Why use Software Overwriting if it doesn’t work?
So why is software wiping so commonly used when degaussing is NSA-approved and clearly the safer option? It could be because there is a plethora of free software overwriting programs available which are advertised with promises to safely sanitize your private information. Some even promise no possible data recovery. However, just as there are exorbitant amounts of free hard drive wiping software programs, there are as many data recovery software programs as well. These programs are not the best way to completely erase a hard drive.
Is there another way?
How do you wipe a hard drive safely? The alternative method, which actually destroys information and is currently NSA-approved, is degaussing, and it can be carried out with an automatic degausser or a degausser wand. There is no method or program which uses software wiping that is DoD approved; in fact, the only method of sanitizing hard drives, which is currently approved by the DoD’s Defense Security Service (DSS), is degaussing. Degaussers use a strong magnetic field to demagnetize data on a hard drive, leaving it in a magnetically blank or zero state. So long as you have a strong enough degausser for the data that you have, your data is unrecoverable after degaussing. In today’s world, a lot of our personal and identifying information is stored electronically. Consider entities such as hospitals, schools, pharmacies, and other businesses that may have personal information of their customers and clients stored on hard drives. When they intend to dispose of such information, it’s absolutely essential that this sensitive infor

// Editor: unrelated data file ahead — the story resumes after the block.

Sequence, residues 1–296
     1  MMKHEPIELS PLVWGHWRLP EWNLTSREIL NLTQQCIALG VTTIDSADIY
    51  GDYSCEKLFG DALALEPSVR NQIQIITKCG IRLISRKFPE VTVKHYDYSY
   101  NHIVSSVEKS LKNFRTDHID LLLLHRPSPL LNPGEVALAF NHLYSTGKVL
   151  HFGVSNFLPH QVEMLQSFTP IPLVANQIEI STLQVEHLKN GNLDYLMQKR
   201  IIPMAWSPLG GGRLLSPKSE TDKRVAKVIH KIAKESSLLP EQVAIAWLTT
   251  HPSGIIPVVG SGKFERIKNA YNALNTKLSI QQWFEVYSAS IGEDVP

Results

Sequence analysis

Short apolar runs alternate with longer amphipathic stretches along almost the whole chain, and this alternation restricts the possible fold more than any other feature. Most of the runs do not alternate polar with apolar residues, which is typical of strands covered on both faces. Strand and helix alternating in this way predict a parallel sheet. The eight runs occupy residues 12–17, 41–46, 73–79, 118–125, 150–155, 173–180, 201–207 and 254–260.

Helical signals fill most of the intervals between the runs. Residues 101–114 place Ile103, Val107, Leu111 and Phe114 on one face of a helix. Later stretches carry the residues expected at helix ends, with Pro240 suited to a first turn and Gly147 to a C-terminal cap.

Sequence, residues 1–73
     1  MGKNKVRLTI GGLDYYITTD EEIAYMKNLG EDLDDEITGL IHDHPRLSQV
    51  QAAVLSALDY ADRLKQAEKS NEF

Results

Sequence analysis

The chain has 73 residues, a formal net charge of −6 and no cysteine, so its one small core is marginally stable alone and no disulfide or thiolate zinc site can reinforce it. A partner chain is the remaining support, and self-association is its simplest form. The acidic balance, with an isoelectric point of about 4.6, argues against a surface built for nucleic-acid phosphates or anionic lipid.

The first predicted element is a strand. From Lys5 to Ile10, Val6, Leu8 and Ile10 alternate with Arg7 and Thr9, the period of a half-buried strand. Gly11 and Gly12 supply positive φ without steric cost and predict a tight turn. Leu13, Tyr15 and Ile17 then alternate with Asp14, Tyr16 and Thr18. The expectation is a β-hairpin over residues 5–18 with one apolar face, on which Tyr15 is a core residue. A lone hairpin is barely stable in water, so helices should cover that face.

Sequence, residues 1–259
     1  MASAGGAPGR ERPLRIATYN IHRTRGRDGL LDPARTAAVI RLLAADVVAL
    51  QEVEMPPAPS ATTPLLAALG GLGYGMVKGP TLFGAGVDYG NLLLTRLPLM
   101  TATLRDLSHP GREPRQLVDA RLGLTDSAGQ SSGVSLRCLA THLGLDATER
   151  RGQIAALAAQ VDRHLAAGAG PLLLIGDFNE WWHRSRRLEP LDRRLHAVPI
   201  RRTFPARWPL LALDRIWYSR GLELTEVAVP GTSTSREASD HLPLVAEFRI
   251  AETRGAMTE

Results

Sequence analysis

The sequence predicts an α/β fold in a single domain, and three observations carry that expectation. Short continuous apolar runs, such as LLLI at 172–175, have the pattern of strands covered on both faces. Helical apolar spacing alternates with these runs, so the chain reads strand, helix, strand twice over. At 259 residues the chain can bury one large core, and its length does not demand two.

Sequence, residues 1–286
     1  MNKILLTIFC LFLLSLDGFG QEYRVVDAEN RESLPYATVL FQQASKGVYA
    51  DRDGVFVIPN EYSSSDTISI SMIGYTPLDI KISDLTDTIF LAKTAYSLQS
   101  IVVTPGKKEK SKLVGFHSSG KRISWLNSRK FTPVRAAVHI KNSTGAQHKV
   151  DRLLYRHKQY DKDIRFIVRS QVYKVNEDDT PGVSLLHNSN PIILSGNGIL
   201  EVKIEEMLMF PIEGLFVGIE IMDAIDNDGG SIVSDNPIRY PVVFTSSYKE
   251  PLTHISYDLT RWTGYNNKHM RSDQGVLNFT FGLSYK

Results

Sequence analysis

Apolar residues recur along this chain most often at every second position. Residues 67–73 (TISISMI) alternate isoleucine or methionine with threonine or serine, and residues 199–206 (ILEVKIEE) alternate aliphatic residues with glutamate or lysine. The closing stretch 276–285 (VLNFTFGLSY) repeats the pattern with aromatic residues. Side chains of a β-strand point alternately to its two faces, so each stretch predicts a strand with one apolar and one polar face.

mation is securely erased and actually unrecoverable. Even in your home office, or stored on your home computer, you may have information saved such as social security numbers, credit card numbers or other sensitive information that you want to be sure is securely erased.
Proton data security promises “simply brilliant degaussing machines” that you can trust to securely sanitize your hard drive of sensitive information. Degaussers range in size and power depending on the type of storage device. Proton degaussers are easy to use, portable, and made in the U.S.A. Proton provides a lightweight handheld Proton 1100 degaussing wand that fits right in the palm of your hand. Proton products include a floppy disc degausser and additionally, degaussing machines work on tapes as well as hard drives. These degaussing machines are the perfect addition to any business or home office and provide a sense of security in knowing that your sensitive information has been wiped clean from your computer.
In this day and age, data security is fundamental to our privacy and our safety. Crucial information in the wrong hands can be just as dangerous as a loaded gun. It’s important that we pay attention to where our private information goes and understand the technology so that we can be absolutely sure that when it’s destroyed, it’s actually gone for good.